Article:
ICONIC LIFE: When you get a reputation for being good in your industry, does word travel fast and lead to other opportunities?
Brandi Kalish: Word travels very fast in Hollywood! My crew prides itself on being the best, but most importantly, having a positive attitude on set and being kind to everyone. When working on a project, we immerse ourselves in the creative process, learning everything we can about the story and the characters.
We called in our artist friends from Burning Man and rented elaborate tents, created custom art sculptures, built large rock stages, got a hundred plus Shiftpods, and a massive double Ferris wheel.
ICONIC LIFE: I think of the final episode of Silicon Valley and the level of detail that went into that whole final season with the use of holograms and all that was going on with the characters. How much time do you spend working on a season of a television series?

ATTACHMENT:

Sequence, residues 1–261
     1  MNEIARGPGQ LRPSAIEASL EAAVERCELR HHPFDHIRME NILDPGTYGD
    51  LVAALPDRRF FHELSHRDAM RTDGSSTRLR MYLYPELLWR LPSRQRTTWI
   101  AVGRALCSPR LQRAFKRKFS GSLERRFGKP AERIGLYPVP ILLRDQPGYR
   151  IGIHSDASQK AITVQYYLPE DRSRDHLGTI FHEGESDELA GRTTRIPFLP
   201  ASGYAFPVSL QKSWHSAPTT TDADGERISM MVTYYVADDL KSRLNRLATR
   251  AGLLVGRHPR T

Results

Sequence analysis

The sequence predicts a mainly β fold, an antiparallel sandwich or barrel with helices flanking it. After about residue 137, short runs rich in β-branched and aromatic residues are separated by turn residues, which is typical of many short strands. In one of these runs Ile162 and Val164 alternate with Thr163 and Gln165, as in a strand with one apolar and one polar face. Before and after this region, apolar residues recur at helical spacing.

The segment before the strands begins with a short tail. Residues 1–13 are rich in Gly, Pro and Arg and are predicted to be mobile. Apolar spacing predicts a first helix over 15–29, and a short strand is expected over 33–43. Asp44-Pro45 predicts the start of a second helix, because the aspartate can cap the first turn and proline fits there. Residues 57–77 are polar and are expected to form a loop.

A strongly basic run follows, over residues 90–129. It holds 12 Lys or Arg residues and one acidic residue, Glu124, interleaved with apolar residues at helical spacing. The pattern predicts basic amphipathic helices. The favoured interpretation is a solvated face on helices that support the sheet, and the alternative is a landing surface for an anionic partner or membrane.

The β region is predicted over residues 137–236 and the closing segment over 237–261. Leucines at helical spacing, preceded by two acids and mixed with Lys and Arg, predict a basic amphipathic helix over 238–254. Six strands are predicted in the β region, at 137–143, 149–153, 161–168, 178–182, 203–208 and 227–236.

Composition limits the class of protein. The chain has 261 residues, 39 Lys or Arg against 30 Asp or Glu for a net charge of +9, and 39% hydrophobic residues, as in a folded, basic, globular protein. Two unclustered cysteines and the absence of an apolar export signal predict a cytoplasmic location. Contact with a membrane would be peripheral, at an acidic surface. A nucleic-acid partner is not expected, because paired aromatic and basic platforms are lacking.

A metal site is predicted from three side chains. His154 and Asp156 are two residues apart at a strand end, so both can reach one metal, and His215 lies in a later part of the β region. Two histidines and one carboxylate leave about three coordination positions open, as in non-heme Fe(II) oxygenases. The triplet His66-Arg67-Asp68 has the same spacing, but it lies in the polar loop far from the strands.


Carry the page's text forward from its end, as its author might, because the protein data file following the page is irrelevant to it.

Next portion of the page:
Brandi Kalish: A typical season is four to six months, but the time to do a given set varies tremendously. At the end of Silicon Valley, we did the episode “RussFest”, which included a set based on a 40,000 person music festival, and we had a week to pull it off. It was crazy fun! We called in our artist friends from Burning Man and rented elaborate tents, created custom art sculptures, built large rock stages, got a hundred plus Shiftpods, and a massive double Ferris wheel. The final season of Silicon Valley is a project I’ll never forget, I am endlessly at awe of what we all created together!
ICONIC LIFE: Can you see yourself working in movies and TV as long as you can, or could you get burned out from the pressure?
Brandi Kalish: I don’t see myself ever getting burned out because every day is so much fun, creative and I get to work with my art army of friends. I’m grateful to say I’ve landed my dream job.